As Cook County state’s attorney Kim Foxx’s first year in office has drawn to a close, a group of independent justice system observers have published a new report evaluating her leadership thus far. Foxx ran against former state’s attorney Anita Alvarez on a reformist platform, vowing to institute a variety of changes to the prosecutor’s office, from greater data transparency to changes in criminal charging practices. The report found that she’s making progress on some of her promises, but there’s plenty of room for improvement.
The report—published by Reclaim Chicago, the People’s Lobby, and the Chicago Appleseed Fund for Justice—evaluated Foxx’s progress on five key issues: advancing bail reform, increasing transparency and accountability, lessening the collateral consequences of justice system involvement in people’s immigration status, ending the drug war, and reducing overcharging. All five were issues Foxx promised to tackle in her “Transition Report,” published as she took office last December.
On bail reform, the trio of organizations commended Foxx for her backing of county and state-level pushes to change the laws and practices around the imposition of money bail. However, the report notes that Foxx’s prosecutors have lagged on supporting pretrial release, calling for I-bonds in just 5 percent of 1,700 observed bond hearings this past August.
On data transparency, Foxx is judged to have been acting in good faith. The authors acknowledged her release this October of a “groundbreaking” report on criminal cases handled by her office in 2016. It revealed the kind of cases the state’s attorney’s office pursued in the city and suburbs, the demographics of defendants, and data on sentencing and disposition. “We, and in fact criminal justice advocates all over the country, are grateful for this unique and truly innovative effort at transparency and accountability on Foxx’s part,” the report’s authors noted. They encouraged Foxx to double down on sharing existing data and gathering or digitizing new information that will help hold prosecutors accountable.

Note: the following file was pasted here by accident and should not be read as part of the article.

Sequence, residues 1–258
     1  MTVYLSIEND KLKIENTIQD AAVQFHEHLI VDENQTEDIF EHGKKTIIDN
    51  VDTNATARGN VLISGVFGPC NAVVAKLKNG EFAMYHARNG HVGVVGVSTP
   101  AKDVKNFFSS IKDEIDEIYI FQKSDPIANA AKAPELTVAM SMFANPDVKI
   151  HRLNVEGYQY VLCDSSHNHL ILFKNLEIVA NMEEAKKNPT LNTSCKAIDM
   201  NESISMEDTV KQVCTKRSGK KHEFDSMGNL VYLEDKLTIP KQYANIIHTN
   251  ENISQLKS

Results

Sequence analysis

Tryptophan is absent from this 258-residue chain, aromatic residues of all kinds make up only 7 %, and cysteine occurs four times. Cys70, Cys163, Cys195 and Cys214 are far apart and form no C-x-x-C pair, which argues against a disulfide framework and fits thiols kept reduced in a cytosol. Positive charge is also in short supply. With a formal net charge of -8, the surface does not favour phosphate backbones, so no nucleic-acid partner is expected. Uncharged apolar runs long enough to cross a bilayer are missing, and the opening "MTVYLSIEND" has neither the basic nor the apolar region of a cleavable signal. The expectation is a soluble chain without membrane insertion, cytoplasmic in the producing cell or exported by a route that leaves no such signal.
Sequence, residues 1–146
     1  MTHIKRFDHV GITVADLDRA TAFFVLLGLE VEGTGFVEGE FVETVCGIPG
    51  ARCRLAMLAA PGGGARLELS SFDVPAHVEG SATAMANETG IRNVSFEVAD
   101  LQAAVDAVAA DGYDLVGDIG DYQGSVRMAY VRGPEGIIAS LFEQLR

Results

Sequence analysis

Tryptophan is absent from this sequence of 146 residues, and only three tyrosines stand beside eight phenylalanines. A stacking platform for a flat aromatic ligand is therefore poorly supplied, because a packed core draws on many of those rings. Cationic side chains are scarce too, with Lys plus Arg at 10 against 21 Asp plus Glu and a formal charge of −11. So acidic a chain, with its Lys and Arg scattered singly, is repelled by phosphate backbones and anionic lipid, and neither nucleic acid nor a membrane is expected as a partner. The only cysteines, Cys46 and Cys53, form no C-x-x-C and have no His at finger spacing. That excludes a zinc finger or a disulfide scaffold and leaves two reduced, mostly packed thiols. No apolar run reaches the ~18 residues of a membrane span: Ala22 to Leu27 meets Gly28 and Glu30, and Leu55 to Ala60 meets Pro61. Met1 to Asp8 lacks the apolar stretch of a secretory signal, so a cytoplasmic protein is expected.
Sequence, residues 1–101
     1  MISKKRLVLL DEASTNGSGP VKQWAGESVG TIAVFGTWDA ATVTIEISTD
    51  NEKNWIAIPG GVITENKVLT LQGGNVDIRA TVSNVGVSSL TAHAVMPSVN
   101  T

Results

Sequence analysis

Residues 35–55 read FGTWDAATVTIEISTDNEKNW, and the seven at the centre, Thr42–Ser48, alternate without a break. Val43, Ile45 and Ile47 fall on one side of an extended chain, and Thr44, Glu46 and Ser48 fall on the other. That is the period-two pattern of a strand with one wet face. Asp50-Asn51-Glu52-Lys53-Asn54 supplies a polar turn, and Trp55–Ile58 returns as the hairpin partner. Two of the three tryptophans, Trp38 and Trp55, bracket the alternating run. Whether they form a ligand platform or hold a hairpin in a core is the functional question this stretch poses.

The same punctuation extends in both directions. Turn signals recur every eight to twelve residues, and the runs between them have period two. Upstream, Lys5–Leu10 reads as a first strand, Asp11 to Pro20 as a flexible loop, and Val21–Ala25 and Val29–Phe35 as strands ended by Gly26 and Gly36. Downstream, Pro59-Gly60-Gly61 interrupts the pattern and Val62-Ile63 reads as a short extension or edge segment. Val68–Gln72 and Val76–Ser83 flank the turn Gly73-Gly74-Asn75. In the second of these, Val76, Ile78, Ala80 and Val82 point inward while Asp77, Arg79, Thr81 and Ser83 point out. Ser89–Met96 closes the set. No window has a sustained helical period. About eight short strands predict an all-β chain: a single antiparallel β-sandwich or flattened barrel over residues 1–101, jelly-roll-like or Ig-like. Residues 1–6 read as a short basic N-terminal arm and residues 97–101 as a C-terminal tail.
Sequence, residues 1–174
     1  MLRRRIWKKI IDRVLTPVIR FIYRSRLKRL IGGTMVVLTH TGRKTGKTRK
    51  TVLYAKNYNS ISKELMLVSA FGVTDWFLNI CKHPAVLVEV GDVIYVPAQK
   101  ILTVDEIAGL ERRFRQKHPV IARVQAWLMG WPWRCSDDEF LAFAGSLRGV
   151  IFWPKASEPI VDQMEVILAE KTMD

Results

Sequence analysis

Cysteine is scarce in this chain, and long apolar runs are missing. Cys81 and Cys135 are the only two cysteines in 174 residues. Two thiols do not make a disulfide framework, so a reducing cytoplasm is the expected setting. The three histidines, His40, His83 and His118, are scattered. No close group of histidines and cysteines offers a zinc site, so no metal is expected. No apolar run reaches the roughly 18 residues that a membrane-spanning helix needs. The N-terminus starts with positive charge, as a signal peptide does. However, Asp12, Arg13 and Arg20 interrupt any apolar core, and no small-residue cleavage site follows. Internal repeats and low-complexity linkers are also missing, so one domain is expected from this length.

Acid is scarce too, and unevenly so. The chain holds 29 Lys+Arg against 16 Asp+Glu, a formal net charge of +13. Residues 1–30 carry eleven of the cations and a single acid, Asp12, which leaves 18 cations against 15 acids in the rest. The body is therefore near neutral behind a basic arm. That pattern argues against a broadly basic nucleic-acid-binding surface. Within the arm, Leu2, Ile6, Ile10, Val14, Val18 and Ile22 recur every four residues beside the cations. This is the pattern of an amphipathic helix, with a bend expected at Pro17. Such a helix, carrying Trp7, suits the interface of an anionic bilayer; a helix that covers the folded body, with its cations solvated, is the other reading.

The report’s authors chided Foxx for making little progress in reducing the collateral consequences of criminal prosecution on immigration status, particularly given the Trump administration’s push to increase collaboration between local law enforcement and immigration enforcement authorities. The authors found that, “While Foxx continues to voice public support for undocumented victims of crimes and an intention to develop more specific policies to reduce the collateral consequences of prosecution on documented and undocumented immigrants, the state’s attorney’s office has not yet released any specific proposals.” They found it particularly troubling that prosecutors have continued the established norm of bringing up a person’s country of birth in bond court and asking whether they wish to have their consulates notified of their situation—a question that, I’ve observed, usually is answered with a “no.” This practice calls attention to a person’s immigration background in open court, “creating a possible record of non-citizenship that could expose them to immigration repercussions.”